I think they’re woefully underestimating our pull, but I don’t doubt that their belief is genuine.
At the same time, others think we would attract David Moyes or someone else, but those guys would want money, or full autonomy to run things, neither of which they are likely to get, and I’m not sure where those folk get their own eternal optimism from.
The stuff that’s wrong at Celtic Park doesn’t begin, or end, at the manager’s office.
We can change the guy in that room – and in my opinion we should, we must – but his replacement would probably be another punt, another shot in the dark, exposing us to even greater uncertainty.
Deila is not the only person at Celtic Park in whom I have no faith.
But for him I do at least have some sympathy.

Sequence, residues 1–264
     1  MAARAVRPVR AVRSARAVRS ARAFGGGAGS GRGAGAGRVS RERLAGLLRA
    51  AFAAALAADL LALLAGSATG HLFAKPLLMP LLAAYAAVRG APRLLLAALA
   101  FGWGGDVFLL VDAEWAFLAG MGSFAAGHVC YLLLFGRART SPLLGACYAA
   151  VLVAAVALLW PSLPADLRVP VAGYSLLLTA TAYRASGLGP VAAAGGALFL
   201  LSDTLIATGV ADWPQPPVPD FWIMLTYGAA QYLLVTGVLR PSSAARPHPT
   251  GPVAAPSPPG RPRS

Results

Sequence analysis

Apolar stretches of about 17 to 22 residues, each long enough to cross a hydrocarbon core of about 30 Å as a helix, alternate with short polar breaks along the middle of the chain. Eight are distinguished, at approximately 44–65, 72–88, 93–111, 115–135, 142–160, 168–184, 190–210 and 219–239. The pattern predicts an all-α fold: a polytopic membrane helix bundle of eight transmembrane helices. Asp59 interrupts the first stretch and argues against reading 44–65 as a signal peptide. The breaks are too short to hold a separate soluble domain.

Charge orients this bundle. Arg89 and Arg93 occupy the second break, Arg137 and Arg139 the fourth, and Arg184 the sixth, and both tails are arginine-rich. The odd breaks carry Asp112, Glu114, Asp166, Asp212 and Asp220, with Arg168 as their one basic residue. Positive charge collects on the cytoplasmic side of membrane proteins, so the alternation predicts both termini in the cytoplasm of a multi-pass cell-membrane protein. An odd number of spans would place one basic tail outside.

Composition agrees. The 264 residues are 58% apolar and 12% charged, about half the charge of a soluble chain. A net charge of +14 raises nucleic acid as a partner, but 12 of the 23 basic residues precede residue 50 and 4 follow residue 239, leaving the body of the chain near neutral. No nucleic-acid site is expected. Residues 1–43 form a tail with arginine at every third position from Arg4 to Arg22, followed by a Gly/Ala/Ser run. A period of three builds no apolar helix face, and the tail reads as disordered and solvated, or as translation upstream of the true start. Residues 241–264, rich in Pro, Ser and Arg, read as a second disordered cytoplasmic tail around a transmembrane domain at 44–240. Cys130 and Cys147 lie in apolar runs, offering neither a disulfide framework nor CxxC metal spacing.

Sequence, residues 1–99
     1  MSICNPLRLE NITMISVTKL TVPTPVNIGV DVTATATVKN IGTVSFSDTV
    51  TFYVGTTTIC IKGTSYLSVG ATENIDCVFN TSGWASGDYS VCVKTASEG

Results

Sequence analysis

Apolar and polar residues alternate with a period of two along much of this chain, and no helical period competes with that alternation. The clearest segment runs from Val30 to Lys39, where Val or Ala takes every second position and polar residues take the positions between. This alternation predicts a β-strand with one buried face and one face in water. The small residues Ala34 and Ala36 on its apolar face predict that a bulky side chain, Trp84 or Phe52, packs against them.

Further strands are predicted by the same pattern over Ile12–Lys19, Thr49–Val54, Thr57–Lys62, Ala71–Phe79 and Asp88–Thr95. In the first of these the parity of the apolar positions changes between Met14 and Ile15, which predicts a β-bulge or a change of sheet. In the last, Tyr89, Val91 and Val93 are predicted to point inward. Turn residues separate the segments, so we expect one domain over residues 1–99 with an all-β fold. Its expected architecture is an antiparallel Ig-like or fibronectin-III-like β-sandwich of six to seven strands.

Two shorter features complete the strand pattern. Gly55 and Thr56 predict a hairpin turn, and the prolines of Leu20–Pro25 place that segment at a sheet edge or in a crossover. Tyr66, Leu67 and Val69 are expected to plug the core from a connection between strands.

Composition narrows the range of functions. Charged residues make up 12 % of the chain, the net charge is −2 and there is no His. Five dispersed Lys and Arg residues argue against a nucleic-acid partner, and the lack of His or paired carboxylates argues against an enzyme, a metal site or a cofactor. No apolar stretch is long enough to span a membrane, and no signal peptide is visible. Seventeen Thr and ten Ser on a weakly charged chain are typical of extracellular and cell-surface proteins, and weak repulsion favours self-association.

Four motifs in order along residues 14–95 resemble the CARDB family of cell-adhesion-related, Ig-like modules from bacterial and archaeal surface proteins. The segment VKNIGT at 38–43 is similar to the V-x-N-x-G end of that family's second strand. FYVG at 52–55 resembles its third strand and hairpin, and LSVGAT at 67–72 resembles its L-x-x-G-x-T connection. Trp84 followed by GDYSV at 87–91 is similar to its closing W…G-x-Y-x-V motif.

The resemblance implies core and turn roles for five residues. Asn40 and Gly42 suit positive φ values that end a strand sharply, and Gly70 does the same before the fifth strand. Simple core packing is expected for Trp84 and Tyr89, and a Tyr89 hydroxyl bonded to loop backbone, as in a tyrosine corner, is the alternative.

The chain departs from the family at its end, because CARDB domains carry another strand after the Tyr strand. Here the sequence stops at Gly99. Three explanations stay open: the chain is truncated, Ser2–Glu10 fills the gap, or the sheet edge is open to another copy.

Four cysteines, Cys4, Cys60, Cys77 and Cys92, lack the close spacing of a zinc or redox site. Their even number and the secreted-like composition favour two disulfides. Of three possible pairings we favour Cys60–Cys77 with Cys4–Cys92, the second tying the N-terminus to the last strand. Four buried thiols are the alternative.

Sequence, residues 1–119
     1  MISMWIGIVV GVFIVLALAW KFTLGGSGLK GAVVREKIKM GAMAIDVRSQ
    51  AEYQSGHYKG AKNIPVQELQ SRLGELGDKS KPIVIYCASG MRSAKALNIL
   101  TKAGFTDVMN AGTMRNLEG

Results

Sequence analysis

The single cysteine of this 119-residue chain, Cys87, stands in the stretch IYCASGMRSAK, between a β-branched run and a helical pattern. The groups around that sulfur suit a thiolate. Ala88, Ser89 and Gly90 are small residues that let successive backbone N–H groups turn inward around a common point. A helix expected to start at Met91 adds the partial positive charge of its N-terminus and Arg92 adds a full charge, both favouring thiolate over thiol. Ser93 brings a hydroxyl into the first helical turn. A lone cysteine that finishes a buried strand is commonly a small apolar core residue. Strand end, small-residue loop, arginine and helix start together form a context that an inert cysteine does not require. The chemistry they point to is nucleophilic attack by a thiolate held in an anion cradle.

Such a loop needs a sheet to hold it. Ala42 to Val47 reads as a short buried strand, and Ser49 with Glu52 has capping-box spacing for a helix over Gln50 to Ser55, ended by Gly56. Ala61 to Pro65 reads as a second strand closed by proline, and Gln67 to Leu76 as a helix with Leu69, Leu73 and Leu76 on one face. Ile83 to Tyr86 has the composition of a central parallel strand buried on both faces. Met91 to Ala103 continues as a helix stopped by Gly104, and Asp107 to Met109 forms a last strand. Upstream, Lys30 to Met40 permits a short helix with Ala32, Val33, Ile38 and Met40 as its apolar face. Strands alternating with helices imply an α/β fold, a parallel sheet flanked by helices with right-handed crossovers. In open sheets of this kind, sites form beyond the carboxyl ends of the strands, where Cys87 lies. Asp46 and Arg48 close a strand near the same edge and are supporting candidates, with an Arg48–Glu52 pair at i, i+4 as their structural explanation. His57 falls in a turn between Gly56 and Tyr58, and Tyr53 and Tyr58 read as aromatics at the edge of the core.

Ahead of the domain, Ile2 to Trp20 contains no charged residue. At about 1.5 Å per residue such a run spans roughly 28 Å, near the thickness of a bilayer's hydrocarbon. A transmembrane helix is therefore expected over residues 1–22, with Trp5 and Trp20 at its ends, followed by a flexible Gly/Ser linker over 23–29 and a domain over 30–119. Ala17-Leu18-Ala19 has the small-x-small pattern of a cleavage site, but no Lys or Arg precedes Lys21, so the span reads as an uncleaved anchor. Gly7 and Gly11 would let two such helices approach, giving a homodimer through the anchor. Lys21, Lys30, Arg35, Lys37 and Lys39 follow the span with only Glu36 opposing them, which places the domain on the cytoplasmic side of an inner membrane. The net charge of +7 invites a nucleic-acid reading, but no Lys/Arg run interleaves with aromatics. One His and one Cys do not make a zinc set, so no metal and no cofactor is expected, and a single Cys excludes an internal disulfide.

In my brutally honest opinion he is shockingly out of his depth, in a job that is now threatening to overwhelm him, and he’s been the architect of much of his own trouble with an inflexibility that would be understandable in a guy who was sweeping all before him aside but seems here either to be the height of arrogance or the complete absence of a Plan B.
But not all of this is his fault.
I have some sympathy with what he’s had to put up with up since he planted his flag on Scottish soil. Much of it has been unbelievable and even hateful. The media, right from the start, were outrageous and determined to sink him, and their own arrogance and dismissal of his achievements in Norway were typically petty, small-minded and, in many cases, simply anti-Celtic.
We could appoint Guardiola and many of these people would find a reason to sneer.